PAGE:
But not the other way around. Never shoot 357 in a gun marked 38 special or 38 S&W.
The cleaning mentioned above is because 38sp is shorter and a ridge can build up over time and make chambering 357 problematic.
Special warning early 1900 Colt revolvers for 38 Long Colt did not have the cylinder bored to prevent the insertion of 357 Magnum rounds. I have actually seen someone carrying 357 Magnum Ammo in an early Colt revolver made some 35 years before the 357 Magnum Guns and ammo were introduced. The 357 magnum had over 3 times more pressure than the 38 Long Colt. The fellow said that he had never fired a 357 magnum and only used 38 Special shooting (still a bad idea). He was saving the 357 rounds for serious business.
Some cartridges (especially for revolvers) are designed in a family, with a number of cartridges of different power levels in very similar cases, and with very similar bullets.
The general advice is to only use the ammunition for a gun that it's specifically designed for - and to confirm any markings on the gun with both the box marking for the ammunition and the headstamp on the ammunition base.
Some identical cartridges go by a number of different names. For example, ".380ACP", "9mm Kurz", "9mm Corto", "9mm Short", and "9x17mm" all refer to the same cartridge. The "9mm Luger", "Parabellum", "9x19mm" are the same cartridge. The "9x18mm" or "9mm Makarov" is a completely different cartridge used by the Eastern Block in Europe.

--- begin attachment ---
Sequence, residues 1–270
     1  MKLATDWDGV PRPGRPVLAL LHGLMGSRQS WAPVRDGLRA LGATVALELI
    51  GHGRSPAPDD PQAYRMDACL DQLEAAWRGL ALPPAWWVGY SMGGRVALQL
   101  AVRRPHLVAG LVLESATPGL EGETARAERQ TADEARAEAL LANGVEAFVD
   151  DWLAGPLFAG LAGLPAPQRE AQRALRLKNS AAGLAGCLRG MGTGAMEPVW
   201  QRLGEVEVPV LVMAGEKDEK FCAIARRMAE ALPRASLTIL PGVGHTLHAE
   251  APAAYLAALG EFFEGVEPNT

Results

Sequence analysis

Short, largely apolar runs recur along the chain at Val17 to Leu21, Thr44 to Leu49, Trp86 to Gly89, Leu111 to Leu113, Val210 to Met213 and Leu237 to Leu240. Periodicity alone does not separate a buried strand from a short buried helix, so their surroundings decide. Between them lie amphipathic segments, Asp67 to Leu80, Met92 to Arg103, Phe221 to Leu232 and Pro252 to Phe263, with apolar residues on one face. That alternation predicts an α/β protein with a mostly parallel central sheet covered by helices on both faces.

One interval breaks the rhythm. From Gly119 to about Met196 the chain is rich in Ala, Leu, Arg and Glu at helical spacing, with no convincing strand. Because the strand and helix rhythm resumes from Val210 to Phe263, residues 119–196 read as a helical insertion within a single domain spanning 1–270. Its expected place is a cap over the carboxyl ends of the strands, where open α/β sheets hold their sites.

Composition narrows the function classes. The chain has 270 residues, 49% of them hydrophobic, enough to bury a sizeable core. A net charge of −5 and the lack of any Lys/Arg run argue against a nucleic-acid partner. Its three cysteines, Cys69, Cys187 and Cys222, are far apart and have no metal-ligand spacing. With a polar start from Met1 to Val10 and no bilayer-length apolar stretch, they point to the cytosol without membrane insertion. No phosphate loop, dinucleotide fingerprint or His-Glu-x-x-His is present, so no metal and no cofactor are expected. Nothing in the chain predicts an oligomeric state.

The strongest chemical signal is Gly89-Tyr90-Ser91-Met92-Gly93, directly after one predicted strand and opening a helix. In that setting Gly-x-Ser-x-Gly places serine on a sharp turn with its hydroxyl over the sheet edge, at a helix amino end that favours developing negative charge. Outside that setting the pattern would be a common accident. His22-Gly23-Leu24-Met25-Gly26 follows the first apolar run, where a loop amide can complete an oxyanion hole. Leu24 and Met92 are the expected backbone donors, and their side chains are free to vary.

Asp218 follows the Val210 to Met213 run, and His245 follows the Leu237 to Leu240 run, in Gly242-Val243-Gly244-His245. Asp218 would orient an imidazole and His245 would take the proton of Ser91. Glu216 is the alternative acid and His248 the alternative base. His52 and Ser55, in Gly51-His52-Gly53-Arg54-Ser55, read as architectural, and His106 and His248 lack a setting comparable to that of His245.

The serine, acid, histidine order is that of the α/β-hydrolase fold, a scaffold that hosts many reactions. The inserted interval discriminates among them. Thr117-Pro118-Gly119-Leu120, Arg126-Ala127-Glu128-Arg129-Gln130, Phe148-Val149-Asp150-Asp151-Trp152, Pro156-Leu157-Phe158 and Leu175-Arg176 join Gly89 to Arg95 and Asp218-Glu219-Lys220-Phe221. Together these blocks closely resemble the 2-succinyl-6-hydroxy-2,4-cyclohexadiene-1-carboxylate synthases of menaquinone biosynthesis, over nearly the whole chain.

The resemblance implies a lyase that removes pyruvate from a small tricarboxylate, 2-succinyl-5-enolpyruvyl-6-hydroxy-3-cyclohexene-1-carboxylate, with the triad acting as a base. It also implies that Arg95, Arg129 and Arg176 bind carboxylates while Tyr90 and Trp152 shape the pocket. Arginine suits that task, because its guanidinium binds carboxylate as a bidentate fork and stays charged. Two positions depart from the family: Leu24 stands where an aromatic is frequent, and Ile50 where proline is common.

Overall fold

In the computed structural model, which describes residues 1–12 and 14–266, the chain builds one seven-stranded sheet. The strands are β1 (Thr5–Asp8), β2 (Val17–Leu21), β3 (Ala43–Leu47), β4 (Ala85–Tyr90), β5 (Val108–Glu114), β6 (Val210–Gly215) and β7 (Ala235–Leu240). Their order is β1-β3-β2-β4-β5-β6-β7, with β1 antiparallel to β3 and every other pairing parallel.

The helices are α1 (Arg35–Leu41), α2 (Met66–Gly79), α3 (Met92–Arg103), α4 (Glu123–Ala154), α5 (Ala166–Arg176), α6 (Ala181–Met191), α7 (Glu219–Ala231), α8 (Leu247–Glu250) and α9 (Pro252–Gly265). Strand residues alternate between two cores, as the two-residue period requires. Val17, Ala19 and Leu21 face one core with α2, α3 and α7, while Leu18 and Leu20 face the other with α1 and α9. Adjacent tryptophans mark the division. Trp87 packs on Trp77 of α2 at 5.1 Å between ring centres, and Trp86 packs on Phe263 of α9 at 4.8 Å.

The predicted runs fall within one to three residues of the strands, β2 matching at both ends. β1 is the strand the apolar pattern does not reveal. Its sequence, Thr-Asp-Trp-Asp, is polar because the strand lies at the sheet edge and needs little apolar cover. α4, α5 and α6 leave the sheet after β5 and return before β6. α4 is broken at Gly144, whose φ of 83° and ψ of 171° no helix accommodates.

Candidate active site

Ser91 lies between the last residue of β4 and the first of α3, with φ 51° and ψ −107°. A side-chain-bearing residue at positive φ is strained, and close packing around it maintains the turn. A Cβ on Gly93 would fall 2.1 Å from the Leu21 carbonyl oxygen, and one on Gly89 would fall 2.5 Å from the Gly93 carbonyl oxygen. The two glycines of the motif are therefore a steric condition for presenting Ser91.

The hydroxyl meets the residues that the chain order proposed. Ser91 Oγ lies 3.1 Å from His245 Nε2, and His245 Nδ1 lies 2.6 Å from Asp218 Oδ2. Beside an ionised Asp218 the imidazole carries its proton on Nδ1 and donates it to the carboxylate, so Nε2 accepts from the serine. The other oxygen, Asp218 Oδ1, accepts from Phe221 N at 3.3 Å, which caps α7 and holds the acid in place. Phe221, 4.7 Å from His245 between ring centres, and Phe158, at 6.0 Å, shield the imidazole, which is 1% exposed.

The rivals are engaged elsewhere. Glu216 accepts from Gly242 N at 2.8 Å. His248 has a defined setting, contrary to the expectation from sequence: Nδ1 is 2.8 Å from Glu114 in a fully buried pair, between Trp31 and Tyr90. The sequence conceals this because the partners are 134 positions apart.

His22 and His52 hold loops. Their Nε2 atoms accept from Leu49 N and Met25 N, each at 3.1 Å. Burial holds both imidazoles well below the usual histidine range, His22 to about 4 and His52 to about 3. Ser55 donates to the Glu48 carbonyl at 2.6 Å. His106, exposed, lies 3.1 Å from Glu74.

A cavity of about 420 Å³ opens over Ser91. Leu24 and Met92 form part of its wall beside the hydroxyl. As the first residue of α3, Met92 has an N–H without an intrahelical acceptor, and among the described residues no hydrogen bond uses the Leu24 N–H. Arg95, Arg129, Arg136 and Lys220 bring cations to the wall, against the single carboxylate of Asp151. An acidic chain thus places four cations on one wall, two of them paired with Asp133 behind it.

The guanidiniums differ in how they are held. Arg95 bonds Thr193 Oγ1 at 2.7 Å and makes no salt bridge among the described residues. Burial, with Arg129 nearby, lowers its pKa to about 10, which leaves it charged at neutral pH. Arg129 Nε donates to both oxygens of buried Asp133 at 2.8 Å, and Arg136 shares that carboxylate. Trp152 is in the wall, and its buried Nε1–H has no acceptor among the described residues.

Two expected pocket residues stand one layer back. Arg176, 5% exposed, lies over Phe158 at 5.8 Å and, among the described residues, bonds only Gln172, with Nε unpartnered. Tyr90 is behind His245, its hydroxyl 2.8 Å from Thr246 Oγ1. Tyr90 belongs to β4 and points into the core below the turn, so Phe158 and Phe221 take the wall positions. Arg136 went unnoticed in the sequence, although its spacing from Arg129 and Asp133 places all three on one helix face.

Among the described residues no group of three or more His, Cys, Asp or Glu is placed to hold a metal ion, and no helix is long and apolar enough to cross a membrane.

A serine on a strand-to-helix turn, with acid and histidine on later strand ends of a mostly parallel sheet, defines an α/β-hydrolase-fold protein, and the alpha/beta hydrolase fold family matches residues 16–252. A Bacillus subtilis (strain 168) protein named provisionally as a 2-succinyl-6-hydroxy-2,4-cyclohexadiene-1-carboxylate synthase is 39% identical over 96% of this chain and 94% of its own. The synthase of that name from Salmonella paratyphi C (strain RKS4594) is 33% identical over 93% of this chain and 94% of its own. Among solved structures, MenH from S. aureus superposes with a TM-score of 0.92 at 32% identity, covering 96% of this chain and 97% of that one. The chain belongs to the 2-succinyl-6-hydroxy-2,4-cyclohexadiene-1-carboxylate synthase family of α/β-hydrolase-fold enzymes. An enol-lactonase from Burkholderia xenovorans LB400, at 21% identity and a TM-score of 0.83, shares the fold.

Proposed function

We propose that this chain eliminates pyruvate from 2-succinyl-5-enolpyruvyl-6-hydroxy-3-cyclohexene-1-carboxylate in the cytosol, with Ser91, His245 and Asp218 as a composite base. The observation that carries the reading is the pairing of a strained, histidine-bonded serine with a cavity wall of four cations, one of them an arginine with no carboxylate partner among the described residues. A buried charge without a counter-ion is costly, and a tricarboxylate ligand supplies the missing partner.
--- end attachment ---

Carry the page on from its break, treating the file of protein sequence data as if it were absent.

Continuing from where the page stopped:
Those are cartridges for semi-auto guns, and the way they are designed the exact cartridge must be used for the handgun they fit in. When loaded into the barrel's chamber, these cartridges all rest on the mouth of the case. The barrel and rifling is precision designed for the circumference of the bullet loaded in the cartridge.
The design of revolver cartridges is a bit different. These cartridges rest in the cylinder's chambers on the rear rim of the cartridge, which is actually wider than the body of the cartridge case. For that reason, a revolver can be designed to work with cartridges of different lengths, and that is the case of the .38 special and the .357 magnum. The main difference between the cartridges is that the case of the .357 is a bit longer, there is more powder in it, the primer that ignites the powder is more active and the bullets are often a bit lighter.
Your S&W 686 revolver is designed to withstand the pressures generated by the powerful .357 magnum ammunition, as well as the less powerful .38 special ammunition. This is why it works with both cartridges.
A standards body in the USA, and another in Europe have specified the details of what each of these cartridges is. It's called SAAMI in the USA, and CIP in Europe.
The SAAMI specifications for pistol cartridges is here, if you are interested in a reference:
You wouldn’t like that 686. I can do you a favor and just take it off your hands.
The 686 is a very versatile and high quality firearm. I’ve never shot a Colt Python but will never buy one. If I win the lottery I will buy a Dan Wesson 715 357 revolver (but I will have to win the lottery to justify the cost) Ruger GP100’s have a well deserved reputation for being over built. But I’ll take my S&W 686, thank you very much. Last gun I would ever get rid of and the best looking most well proportioned Smith revolver, IMHO. And there are a lot of good looking ones.